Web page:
UNITED NATIONS — World leaders are holding their first-ever U.N. meeting Monday to explore how the more than 1 billion disabled people in countries rich and poor can contribute to the global economy instead of being a drain on society.
The World Health Organization says a huge increase in hearing aids, glasses and wheelchairs could improve the lives of hundreds of millions of people — and help them participate in the development of their countries. But the disabled have other hurdles to overcome, including discrimination and stigmas.
The high-level General Assembly meeting on disabilities Monday is the prelude to the annual U.N. gathering of presidents, prime ministers and monarchs, which starts Tuesday. It is expected to be dominated by Russian-U.S. efforts to rid Syria of chemical weapons and hold a new peace conference to end the 2 ½-year Syrian conflict, and a possible first meeting between American and Iranian leaders since the Islamic revolution toppled the U.S.-backed Shah of Iran nearly 35 years ago.
For the disabled, who represent about 15 percent of the world's population, Monday's meeting is a milestone. Speakers will include U.S. Secretary of State John Kerry and Stevie Wonder.
"We are excited about what's going to happen," said Daniela Bas, director of the U.N. Division for Social Policy and Development, who has been a paraplegic since the age of six. "It is the first meeting of this kind in the whole history of the United Nations."
"This is a group of the society that has been considered for too long a vulnerable group of the society in need of help, while on the contrary this is ... a resourceful group of the society that can contribute in an enormous way to development," she said.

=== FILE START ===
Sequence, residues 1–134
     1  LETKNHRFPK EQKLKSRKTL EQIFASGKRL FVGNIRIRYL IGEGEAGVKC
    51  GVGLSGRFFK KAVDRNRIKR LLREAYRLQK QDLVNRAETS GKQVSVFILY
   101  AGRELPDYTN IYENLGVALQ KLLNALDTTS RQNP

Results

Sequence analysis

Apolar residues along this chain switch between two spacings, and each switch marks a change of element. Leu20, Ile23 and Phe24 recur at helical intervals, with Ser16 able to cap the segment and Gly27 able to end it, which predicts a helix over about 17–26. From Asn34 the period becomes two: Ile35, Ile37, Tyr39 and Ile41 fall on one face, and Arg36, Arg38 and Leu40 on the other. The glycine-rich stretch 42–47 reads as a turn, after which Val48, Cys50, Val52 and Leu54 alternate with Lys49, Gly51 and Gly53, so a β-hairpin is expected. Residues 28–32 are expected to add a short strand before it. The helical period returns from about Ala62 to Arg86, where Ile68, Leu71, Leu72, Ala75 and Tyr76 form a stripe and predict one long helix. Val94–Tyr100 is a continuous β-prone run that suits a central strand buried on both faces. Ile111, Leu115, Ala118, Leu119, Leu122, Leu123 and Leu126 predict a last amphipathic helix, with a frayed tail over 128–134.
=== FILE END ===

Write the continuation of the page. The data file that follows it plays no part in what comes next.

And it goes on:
Dr. Jacob Kumaresan, executive director of WHO's office at the U.N., said people with disabilities are twice as likely to find health services inadequate, and three times as likely to be denied adequate health care.
According to WHO, 360 million people worldwide have moderate to profound hearing loss but only 10 percent have access to hearing aids. Some 200 million people need glasses or low vision devices but have no access to them, and only between 5 to 15 percent of the 70 million people who need wheelchairs have access to one.
Kumaresan said these barriers are avoidable and can be overcome.
Mongolia, for example, has introduced disability friendly health centers, and East Timor and the Solomon Islands are providing wheelchairs to those in need, he said. The Philippines Health Insurance Corporation added rehabilitation to its coverage last year which enabled a 25-year-old construction worker who lost a leg in an accident to get a prosthesis and return to work.
"This is what we mean by what the governments can do to help not an individual but an entire society to be productive," Kumaresan said.
He added that public-private partnerships could also help to reduce the cost of wheelchairs, hearing aids, glasses and other devices.
In its main report earlier this year, the U.N. children's agency, UNICEF, said children with disabilities and their communities would both benefit if society focused on what these youngsters can achieve — not on what they can't do.
A report issued Monday by the child rights organization Plan International in collaboration with the University of Toronto found that children with disabilities in West Africa face widespread poverty, discrimination, violence, and exclusion, including from education.
The report, based on research in Guinea, Sierra Leone, Niger and Togo, said disabled girls, especially, are highly vulnerable to neglect and abuse.
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